4.
PLoS Med ; 16(8): e1002868, 2019 Aug.
Artigo em Inglês | MEDLINE | ID: mdl-31398184

RESUMO

BACKGROUND: High body mass index (BMI) is associated with mortality, but the pervasive problem of confounding and reverse causality in observational studies limits inference about the direction and magnitude of causal effects. We aimed to obtain estimates of the causal association of BMI with all-cause and cause-specific mortality. METHODS AND FINDINGS: In a record-linked, intergenerational prospective study from the general population of Sweden, we used two-sample instrumental variable (IV) analysis with data from 996,898 fathers (282,407 deaths) and 1,013,083 mothers (153,043 deaths) and their sons followed up from January 1, 1961, until December 31, 2004. Sons' BMI was used as the instrument for parents' BMI to compute hazard ratios (HRs) for risk of mortality per standard deviation (SD) higher parents' BMI. Using offspring exposure as an instrument for parents' exposure is unlikely to be affected by reverse causality (an important source of bias in this context) and reduces confounding. IV analyses supported causal associations between higher BMI and greater risk of all-cause mortality (HR [95% confidence interval (CI)] per SD higher fathers' BMI: 1.29 [1.26-1.31] and mothers' BMI: 1.39 [1.35-1.42]) and overall cancer mortality (HR per SD higher fathers' BMI: 1.20 [1.16-1.24] and mothers' BMI: 1.29 [1.24-1.34]), including 9 site-specific cancers in men (bladder, colorectum, gallbladder, kidney, liver, lung, lymphatic system, pancreas, and stomach) and 11 site-specific cancers in women (gallbladder, kidney, liver, lung, lymphatic system, ovaries, pancreas, stomach, uterus, cervix, and endometrium). There was evidence supporting causal associations between higher BMI in mothers and greater risk of mortality from kidney disease (HR: 2.17 [1.68-2.81]) and lower risk of mortality from suicide (HR: 0.77 [0.65-0.90]). In both sexes, there was evidence supporting causal associations between higher BMI and mortality from cardiovascular diseases (CVDs), stroke, diabetes, and respiratory diseases. We were unable to test the association between sons' and mothers' BMIs (as mothers' data were unavailable) or whether the instrument was independent of unmeasured or residual confounding; however, the associations between parents' mortality and sons' BMI were negligibly influenced by adjustment for available confounders. CONCLUSIONS: Consistent with previous large-scale meta-analyses and reviews, results supported the causal role of higher BMI in increasing the risk of several common causes of death, including cancers with increasing global incidence. We also found positive effects of BMI on mortality from respiratory disease, prostate cancer, and lung cancer, which has been inconsistently reported in the literature, suggesting that the causal role of higher BMI in mortality from these diseases may be underestimated. Furthermore, we expect different patterns of bias in the current observational and IV analyses; therefore, the similarities between our findings from both methods increases confidence in the results. These findings support efforts to understand the mechanisms underpinning these effects to inform targeted interventions and develop population-based strategies to reduce rising obesity levels for disease prevention.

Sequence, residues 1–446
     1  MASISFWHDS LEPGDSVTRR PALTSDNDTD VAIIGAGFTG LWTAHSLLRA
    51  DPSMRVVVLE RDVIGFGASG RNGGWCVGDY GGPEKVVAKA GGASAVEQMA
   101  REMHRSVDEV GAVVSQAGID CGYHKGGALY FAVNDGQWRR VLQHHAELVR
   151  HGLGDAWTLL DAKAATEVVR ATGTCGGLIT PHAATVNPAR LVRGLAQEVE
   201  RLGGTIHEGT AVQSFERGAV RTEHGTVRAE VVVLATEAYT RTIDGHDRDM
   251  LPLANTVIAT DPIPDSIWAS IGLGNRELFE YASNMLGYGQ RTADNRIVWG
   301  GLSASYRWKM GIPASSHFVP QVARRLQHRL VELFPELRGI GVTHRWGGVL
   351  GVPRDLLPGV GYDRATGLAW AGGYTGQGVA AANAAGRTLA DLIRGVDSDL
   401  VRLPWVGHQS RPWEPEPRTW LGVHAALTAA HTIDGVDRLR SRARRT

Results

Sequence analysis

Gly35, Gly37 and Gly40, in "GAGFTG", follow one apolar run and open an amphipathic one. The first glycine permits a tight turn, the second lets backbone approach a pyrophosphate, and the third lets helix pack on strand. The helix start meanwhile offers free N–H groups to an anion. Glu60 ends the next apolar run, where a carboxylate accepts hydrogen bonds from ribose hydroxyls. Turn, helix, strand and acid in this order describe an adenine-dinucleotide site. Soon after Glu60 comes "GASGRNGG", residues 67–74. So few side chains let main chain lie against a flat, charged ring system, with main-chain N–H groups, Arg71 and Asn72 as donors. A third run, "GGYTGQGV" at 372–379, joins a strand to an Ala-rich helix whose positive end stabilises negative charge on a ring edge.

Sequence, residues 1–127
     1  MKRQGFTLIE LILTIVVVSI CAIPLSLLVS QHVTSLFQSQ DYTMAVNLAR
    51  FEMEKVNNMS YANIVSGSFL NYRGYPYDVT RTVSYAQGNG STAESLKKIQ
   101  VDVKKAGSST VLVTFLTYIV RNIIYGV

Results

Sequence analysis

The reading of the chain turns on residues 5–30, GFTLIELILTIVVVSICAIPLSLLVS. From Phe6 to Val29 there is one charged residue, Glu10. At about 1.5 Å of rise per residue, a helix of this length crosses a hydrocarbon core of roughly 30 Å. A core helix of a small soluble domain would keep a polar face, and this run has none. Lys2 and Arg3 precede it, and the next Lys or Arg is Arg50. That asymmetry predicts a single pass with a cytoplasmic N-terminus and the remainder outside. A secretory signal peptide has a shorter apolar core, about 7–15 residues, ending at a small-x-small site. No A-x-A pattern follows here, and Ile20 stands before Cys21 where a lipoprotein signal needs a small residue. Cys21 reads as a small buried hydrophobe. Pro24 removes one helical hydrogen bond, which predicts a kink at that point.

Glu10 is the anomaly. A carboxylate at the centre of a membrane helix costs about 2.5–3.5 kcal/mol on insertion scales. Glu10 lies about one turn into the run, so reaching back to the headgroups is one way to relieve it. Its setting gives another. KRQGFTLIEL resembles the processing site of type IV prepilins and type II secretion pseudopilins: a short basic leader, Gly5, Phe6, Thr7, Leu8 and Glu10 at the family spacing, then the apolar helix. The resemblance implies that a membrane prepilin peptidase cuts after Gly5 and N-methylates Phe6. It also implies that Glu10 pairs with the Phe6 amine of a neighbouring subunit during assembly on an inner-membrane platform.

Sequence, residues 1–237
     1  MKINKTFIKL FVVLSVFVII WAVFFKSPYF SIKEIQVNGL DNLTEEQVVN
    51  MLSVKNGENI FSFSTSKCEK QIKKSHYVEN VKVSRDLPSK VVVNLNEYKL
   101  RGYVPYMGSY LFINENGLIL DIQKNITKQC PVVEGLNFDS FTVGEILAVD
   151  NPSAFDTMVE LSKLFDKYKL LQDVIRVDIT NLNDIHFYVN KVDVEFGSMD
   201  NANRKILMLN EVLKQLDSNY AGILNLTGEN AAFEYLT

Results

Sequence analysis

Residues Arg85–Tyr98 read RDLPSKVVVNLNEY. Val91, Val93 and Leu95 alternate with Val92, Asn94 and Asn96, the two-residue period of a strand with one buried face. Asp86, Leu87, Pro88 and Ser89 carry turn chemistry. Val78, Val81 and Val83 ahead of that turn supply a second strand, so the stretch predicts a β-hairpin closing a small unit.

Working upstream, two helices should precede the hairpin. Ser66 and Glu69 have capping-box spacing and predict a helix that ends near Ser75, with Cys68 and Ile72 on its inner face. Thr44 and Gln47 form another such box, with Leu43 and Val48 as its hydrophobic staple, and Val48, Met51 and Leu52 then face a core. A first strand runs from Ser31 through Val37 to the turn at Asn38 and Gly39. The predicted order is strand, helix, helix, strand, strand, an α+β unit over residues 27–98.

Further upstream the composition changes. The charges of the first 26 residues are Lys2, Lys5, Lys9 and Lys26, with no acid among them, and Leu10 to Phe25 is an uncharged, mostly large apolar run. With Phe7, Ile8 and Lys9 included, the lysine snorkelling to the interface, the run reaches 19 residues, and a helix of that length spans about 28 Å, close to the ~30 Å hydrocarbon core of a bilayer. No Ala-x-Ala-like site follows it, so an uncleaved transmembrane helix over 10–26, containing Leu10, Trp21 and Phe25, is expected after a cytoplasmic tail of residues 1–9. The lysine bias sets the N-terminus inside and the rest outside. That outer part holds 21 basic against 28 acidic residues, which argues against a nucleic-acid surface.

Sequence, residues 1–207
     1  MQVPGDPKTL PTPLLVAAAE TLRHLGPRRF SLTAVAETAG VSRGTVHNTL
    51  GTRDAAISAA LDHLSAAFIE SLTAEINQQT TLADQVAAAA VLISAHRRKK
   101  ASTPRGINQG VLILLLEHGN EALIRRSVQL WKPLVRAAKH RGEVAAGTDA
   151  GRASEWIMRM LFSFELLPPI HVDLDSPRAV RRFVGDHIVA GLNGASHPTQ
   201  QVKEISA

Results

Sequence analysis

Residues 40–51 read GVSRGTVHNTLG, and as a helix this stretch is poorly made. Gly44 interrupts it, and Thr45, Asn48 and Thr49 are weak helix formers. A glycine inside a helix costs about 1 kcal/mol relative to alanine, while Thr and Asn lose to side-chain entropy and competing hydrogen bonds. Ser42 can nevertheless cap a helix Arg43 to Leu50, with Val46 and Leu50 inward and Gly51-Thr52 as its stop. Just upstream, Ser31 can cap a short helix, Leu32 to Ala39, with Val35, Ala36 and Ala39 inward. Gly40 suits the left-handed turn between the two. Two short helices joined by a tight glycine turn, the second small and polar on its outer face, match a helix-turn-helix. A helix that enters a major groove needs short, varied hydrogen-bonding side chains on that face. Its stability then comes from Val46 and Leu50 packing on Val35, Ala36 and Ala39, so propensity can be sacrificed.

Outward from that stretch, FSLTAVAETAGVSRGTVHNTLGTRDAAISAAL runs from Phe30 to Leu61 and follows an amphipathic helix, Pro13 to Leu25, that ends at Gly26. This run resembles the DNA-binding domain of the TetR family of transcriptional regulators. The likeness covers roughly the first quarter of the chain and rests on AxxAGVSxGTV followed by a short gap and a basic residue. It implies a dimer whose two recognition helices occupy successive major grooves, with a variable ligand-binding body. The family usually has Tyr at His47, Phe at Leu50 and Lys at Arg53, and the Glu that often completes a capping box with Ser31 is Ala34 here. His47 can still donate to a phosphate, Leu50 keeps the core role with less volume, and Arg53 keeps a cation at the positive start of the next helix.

5.
Hum Genet ; 2019 Jul 30.
Artigo em Inglês | MEDLINE | ID: mdl-31363835

RESUMO

In the original article publication, there is an incorrect impression that Fig. 1 formed a formal Directed Acyclic Graph (DAG) by describing it as a causal model. However, it was not correct if interpreted in this way.

6.
Nat Commun ; 10(1): 3346, 2019 Aug 20.
Artigo em Inglês | MEDLINE | ID: mdl-31431621

RESUMO